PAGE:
If you're new to fibre crafts, you may find the enormous choice in yarn types overwhelming. Let's try to demystify some of the more common yarn types and fibres so you know where to get started!
This guide does not encompass all types of yarns, just some of the more common ones. Also note that I'm a knitter and not a crocheter, so this guide is written from a knitting perspective.
If you're more interested in sewing rather than knitting/crochet, please check out my fabric guide.
Yarns have varying thickness: this is called yarn weight. The weight of your yarn will influence your knitting gauge, so it's important to pick the right weight for the right project. Each yarn weight requires a different needle size, too: the thinner your yarn, the thinner your needles.
Yarn weights can go by different names, but these are some of the most common ones:
Lace: lace yarn is one of the thinnest yarns out there. It's commonly used for delicate projects such as intricate summer scarves or doilies, or to knit lace trims.
Fingering: fingering yarn is a bit thicker than lace yarn, but still very thin. This yarn weight is used for light-weight projects such as baby garments, delicate socks, or thin garments.
Sport: sport yarn is twice as thick a fingering yarn and is often used for socks, accessories, shawls, and thin sweaters.
DK: DK is slightly thicker than sport yarn and is used for the same purposes.
Worsted: worsted yarn is one of the most common yarn types you'll find. It's a mid-range yarn weight that's great for a wide variety of projects, ranging from clothes to scarves, accessories, sweaters, and amigurumi.
Chunky: chunky yarn is thick and bulky, which makes it great for quick, thick projects such as blankets and rugs, or bulky scarves and sweaters.
(Image source) [ID: six yarn weights: lace, fingering, sport, DK, worsted, and chunky.]
(Image source) [ID: standard yarn weight system: categories of yarn, gauge ranges, and recommended needle and hook sizes.]
Just like fabric, yarn can be made from a variety of fibres, among which animal fibres, plant fibres, and synthetic fibres.
You'll also find blended yarns, which combine different types of fibres into one yarn, and novelty yarns, which are usually synthetic and used to create special effects such as fake fur or a metallic sheen, for example.
Let's take a look at some of the most commonly used fibres:
Animal fibres are made from the fleece/hair of certain animals. These fibres are long-lasting and will keep you warm in winter and cool in summer. When done properly and in an ethical manner, harvesting the fibres needed to make these yarns will not hurt the animal (with the exception of silk, unless you use peace silk).
Wool is prone to shrinking and felting if not washed correctly.
Sheep: the most common woollen yarn type, and therefore also the cheapest. Very soft and absorbent, great for winter. Some people find it itchy, and it can trigger allergic reactions.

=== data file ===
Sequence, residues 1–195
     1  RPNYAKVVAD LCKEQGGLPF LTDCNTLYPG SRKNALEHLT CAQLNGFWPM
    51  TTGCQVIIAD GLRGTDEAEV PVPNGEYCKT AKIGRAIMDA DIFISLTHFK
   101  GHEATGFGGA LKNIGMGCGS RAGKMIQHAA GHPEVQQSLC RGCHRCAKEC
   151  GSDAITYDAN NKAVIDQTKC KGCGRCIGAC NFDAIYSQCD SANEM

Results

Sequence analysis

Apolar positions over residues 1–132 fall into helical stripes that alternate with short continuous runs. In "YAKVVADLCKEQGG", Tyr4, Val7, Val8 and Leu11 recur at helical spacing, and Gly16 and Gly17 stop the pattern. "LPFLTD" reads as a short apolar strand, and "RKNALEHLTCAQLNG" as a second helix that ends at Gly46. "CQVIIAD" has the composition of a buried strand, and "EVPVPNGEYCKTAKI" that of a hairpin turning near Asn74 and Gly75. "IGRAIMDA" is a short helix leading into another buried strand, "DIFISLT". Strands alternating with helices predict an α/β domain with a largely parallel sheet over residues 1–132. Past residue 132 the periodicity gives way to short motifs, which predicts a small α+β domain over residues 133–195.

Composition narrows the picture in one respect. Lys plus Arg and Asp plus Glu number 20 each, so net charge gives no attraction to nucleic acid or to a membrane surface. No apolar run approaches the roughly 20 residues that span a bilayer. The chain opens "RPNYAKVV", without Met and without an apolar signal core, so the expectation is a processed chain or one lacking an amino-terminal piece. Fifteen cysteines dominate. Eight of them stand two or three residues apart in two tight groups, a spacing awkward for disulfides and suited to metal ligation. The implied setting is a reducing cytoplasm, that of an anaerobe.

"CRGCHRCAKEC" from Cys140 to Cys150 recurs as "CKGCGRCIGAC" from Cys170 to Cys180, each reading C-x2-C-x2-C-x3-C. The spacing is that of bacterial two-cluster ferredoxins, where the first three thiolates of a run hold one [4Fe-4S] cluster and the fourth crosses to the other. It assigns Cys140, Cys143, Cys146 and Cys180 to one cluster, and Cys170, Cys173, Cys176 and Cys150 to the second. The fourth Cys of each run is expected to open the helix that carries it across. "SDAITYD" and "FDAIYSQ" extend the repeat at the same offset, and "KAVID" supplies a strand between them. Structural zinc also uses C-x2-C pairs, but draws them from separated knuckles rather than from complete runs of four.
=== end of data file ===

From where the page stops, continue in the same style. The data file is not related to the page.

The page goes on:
Alpaca: very warm, and softer than sheep wool. Hypoallergenic, so a great choice if you're allergic to sheep's wool.
Cashmere: warm, soft, smooth, and much lighter than sheep's wool.
Mohair: light, warm, very fluffy. Has a nice sheen to it. Can be tricky to knit due to its fluffiness.
Angora: light, soft, fuzzy, and incredibly warm.
Silk: smooth, breathable, strong, soft, and shiny. Unlike the other fibres on this list, silk is not made from hair or fleece, but from the cocoons of silk worms.
Plant fibres are made from cellulose, a plant component. They're known to breath well which makes them great for knitting clothes, but often lack elasticity.
Cotton: light, absorbent, and durable, though not very elastic. Great for beginners. Can become a little rough after washing, so make sure to take proper care of it.
Linen: strong and durable, but can be a bit stiff. Very breathable. Will keep you cool in summer. Prone to wrinkling.
Bamboo: drapes well, and is very soft! If other plant fibres cause sensory issues for you, give bamboo a try.
Synthetic fibres are oil-based fibres which means they won't biodegrade and don't breathe well. However, they're cheap and durable, which makes them handy for beginner's projects.
Acrylic: doesn't breathe well, but is warm, machine-washable, and probably the cheapest available yarn option. Comes in varying qualities, ranging from horribly itchy to "I can't believe this is acrylic".
Rayon: a semi-synthetic fibre, as it's made from plant cellulose but then turned into insoluble fibres. Very soft, but needs extra care when washed.
Nylon: very strong and stretchy, which is why it's often mixed into sock yarn blends and such.
Polyester: a type of plastic fibre that's often blended in with other yarns to make them stronger and less likely to shrink.
There are many options available when you're looking for the perfect yarn for your next project. Getting acquainted with different types of yarn will ensure you pick the right material for whatever you're making.
If you've got a specific yarn in mind but want more info before you buy it, or if you've found a mystery skein that's gone out of production years ago while thrifting, get yourself a Ravelry account. You'll find reviews of pretty much any yarn brand you can imagine in their yarn section.
New to knitting? Check out my Knitting 101 guide.
Looking for cheap and preferably sustainable yarn? Check out my guide on crafting on the cheap.